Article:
The latest results from Roy Morgan show that in the 12 months to December 2017, Woolworths has 32.2 per cent of the total grocery market (including fresh food), an increase of 0.8 per cent points over the 2016 result.
The Coles Group achieved 28.8 per cent share, ALDI achieved 12.1 per cent and IGA achieved 7.4. Other supermarkets and non-supermarkets (such as butchers, fruit shops, markets and convenience stores) made up the remaining proportion, with a 7.7 per cent and an 11.8 per cent share, respectively.
These results are from the Roy Morgan Single Source survey of more than 50,000 people per year, including more than 12,000 grocery buyers.
It shows that all the major supermarkets have a lower market share of the fresh-food market than their overall grocery market share. This is a result of the specialty retailers that compete in the fresh-food segment, such as bread shops, fruit shops, butchers, seafood retailers, etc. The best performers in this segment are the non-supermarket group with 30.2 per cent share, followed by Woolworths (26.7 per cent), Coles (24.5 per cent) and ALDI (nine per cent).
The survey also reveals a lack of loyalty when it comes to supermarket shopping with very few customers only shopping at one supermarket. For example, although 72.7 per cent of grocery buyers shop at Woolworths, a much lower eight per cent shop only at Woolworths. It is a similar situation with Coles shoppers, where 70 per cent shop but only 6.6 per cent shop exclusively. The store overlap in shoppers of the big two is very large, with more than half shopping at both Coles and Woolworths.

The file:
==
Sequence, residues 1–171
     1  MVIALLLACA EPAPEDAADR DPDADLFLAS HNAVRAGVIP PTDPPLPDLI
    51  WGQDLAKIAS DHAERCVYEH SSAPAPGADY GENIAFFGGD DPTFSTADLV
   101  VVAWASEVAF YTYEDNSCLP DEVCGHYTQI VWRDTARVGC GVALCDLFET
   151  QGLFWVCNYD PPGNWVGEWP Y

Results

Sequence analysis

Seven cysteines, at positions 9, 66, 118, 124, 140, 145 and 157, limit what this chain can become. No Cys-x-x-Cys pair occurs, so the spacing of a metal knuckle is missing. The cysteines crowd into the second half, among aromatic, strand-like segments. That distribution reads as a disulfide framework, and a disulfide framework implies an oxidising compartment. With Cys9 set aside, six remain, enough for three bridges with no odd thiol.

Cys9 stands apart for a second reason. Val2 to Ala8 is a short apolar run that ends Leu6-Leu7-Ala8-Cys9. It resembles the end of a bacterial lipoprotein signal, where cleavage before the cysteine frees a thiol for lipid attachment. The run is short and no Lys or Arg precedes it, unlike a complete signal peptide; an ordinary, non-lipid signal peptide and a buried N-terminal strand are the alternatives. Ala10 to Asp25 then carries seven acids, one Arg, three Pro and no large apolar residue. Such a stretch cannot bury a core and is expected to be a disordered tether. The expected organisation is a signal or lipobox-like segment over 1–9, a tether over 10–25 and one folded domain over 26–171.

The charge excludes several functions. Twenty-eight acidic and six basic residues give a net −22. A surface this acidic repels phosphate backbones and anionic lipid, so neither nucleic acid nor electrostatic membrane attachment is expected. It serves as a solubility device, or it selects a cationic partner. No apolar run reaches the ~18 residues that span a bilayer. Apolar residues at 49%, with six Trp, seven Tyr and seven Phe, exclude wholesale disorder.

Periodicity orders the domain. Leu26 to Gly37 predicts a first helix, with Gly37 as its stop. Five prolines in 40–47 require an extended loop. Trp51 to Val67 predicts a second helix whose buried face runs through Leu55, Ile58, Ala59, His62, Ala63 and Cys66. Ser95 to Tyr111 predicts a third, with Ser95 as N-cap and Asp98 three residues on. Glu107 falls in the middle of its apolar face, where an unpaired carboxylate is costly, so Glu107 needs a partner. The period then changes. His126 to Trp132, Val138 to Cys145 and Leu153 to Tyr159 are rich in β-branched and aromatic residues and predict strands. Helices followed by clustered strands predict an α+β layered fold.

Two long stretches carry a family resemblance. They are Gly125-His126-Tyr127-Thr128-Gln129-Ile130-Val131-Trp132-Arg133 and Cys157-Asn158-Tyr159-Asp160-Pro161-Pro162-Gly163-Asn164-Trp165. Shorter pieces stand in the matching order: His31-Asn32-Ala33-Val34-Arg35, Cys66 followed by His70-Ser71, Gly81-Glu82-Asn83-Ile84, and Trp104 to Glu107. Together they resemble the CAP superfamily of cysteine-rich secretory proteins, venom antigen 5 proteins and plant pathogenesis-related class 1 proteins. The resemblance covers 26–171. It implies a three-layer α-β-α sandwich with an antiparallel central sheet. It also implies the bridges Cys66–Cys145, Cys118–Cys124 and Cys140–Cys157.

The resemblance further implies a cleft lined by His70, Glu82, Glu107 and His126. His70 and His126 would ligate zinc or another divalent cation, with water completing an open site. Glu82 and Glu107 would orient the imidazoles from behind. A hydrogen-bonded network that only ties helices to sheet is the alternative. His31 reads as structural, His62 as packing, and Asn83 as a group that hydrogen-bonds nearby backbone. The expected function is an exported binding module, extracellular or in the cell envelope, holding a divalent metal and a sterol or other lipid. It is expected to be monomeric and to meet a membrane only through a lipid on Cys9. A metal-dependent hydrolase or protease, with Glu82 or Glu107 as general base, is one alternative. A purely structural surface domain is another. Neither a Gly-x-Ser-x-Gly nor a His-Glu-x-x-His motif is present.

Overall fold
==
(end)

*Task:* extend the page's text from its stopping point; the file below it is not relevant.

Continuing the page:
Roy Morgan Industry Communications Director Norman Morris says the recent announcement by Wesfarmers to demerge Coles is likely to result in increased pressure in the highly competitive grocery market.
“When Coles becomes listed on the ASX, it is likely to lead to increased analysis and pressure on their financial results and the obvious comparison with Woolworths,” he said.
“Woolworths currently appears to have an edge over Coles, but both are facing increasing competition from ALDI and the arrival of others including Kaufland and Lidl that will put even more pressure on this market. Lack of loyalty among supermarket shoppers presents both a major opportunity for current players to gain customers, but also a good environment for new entrants to build a customer base, as we have seen with ALDI.”